By Gareth Watkins (Ngā Taonga Sound & Vision)
The discs came from Trevor’s daughter Penelope Hansen and were recorded after the 1938 All Black tour of Australia.
Before the discs were deposited, I did some research and found that Ngā Taonga Sound & Vision already had some early recordings from that same tour in the collection – namely a short interview with the Australian and New Zealand Captains and the last 10-or-so minutes of the second test.
Hero image: The scene on the Queens Wharf last night when the Wanganella, with the All Black Rugby team to tour Australia on board, left for Sydney. (Evening Post, 08 July 1938 - Alexander Turnbull Library)
The Dunedin broadcaster Iain Gallaway described Trevor Berghan as:
“Beautifully built with a fine fend and elusive sidestep he was a brilliant blindside runner and is ranked by former team-mates and opponents alike […] as the best first five eighths they have played with and against.”
In this first audio excerpt All Black Captain Neville “Brushy” Mitchell and the Australian Captain Vayro Wilson talk on the eve of the Second Test.
And here’s a snippet from the end of the Second Test on 6 August 1938 in Brisbane, with a brief mention of Trevor Berghan. The All Blacks won 20-9.
The discs donated by Trevor’s family arrived at the archive last year in a rather mouldy condition (not surprising considering they were almost 80-years-old).
Because of their fragility, I had to then hand-transport them south to our preservation team in Christchurch.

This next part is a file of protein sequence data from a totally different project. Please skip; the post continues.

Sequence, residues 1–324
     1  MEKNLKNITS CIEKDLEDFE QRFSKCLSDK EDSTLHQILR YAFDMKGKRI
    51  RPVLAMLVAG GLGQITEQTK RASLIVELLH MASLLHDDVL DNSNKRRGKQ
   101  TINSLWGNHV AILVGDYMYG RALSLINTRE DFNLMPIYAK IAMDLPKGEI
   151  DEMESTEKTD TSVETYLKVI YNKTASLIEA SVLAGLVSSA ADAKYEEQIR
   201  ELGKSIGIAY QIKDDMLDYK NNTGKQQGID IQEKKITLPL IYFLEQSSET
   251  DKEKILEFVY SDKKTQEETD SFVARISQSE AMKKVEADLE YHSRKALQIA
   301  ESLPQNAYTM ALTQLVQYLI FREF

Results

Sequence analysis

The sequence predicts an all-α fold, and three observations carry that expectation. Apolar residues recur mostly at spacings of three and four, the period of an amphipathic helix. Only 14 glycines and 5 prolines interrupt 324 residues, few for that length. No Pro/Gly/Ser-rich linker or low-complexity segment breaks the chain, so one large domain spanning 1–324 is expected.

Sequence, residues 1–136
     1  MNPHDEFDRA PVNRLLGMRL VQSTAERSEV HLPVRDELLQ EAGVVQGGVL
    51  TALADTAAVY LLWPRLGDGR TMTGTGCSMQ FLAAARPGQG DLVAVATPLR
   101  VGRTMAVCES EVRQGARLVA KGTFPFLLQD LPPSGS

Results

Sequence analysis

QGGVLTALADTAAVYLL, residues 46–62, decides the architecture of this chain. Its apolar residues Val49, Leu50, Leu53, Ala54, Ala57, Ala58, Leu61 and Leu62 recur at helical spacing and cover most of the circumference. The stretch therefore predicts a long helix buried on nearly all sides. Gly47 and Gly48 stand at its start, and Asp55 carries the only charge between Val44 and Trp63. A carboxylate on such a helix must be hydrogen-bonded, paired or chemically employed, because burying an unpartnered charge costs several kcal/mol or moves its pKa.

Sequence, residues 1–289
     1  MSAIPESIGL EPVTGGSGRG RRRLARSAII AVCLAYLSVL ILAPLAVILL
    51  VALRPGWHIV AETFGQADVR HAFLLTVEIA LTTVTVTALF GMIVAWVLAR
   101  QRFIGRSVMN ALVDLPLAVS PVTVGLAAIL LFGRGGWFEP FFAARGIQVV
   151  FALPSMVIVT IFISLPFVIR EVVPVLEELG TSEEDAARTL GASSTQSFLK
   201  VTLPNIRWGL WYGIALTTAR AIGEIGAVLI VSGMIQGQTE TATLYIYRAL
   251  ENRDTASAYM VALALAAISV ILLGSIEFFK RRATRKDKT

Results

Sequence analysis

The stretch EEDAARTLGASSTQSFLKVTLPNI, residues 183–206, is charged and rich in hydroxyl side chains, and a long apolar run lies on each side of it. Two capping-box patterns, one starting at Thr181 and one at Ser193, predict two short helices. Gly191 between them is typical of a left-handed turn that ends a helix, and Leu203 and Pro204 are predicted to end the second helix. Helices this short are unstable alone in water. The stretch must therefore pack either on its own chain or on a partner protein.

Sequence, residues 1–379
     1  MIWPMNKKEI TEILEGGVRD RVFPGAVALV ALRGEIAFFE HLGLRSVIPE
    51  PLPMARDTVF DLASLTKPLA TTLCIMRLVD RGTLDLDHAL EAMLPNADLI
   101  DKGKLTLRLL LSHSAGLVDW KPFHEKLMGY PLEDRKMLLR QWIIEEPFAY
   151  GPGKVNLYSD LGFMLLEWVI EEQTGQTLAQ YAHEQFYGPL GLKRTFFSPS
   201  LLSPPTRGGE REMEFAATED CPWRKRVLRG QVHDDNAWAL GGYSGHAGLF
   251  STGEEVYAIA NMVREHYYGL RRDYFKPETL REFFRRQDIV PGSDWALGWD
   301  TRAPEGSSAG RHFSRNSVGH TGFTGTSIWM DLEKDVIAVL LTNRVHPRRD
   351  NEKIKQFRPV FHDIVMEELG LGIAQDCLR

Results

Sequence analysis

Disc preservationist Sandy Ditchburn takes up the story:
Unfortunately, these discs were affected by mould and the lacquer was cracked and frail. They all required a stringent cleaning process. Ammonium hydroxide was carefully wiped across the grooves to remove mould, dust, and residue before the discs were washed and placed into an ultrasonic bath to remove any lingering dirt. An ultrasonic bath uses ultrasound (usually from 20–400 kHz). Cleaning occurs when the soundwaves agitate a liquid, which produces high forces on contaminants adhering to substrates.
A vacuum machine then dried the discs ready for preservation.
One disc in particular proved difficult to preserve/digitise. The disc’s lacquer was very cracked and small amounts had flaked off. Have a listen to this short example of my initial digitisation attempt:
Given that this disc was recorded at 78 R.P.M (Revolutions Per Minute). I concluded that it would be hazardous to try and preserve it at the same speed and risk the stylus needle catching in a crack and damaging the disc further. I set my turntable to 33 1/3 R.P.M. and carefully ran through the record at a slower speed. An especially bad area of the disc required me to lift the stylus needle off of the grooves and replace it repeatedly to try and capture as much audio as possible without a crack leading it astray.
Once I had captured as much audio as possible I used an audio editor (Audacity) to increase the audio to its correct speed of 78 R.P.M. and edit the broken parts of audio together. Using this method, I managed to recover the names of two mentioned rugby players that may have otherwise been missed.
After the preservation process was complete we could then make a “supply copy” which utilised “de-click” and “de-pop” audio filters, increasing the clarity of the content. Here then is an excerpt from the 1938/39 recording where Trevor talks about his early rugby life.
Ngā Taonga Sound & Vision also holds film footage of an earlier Bledisloe Cup clash, from 1936. Again the All Blacks comfortably win 11 – 6.
Special thanks to Sandy Ditchburn, for the photographs and helping with this blog.
This post is part of the Audio Curios series. Radio Collection Developer Gareth Watkins regularly comes across interesting, unique, and sometimes downright puzzling bits of audio during his accessioning work.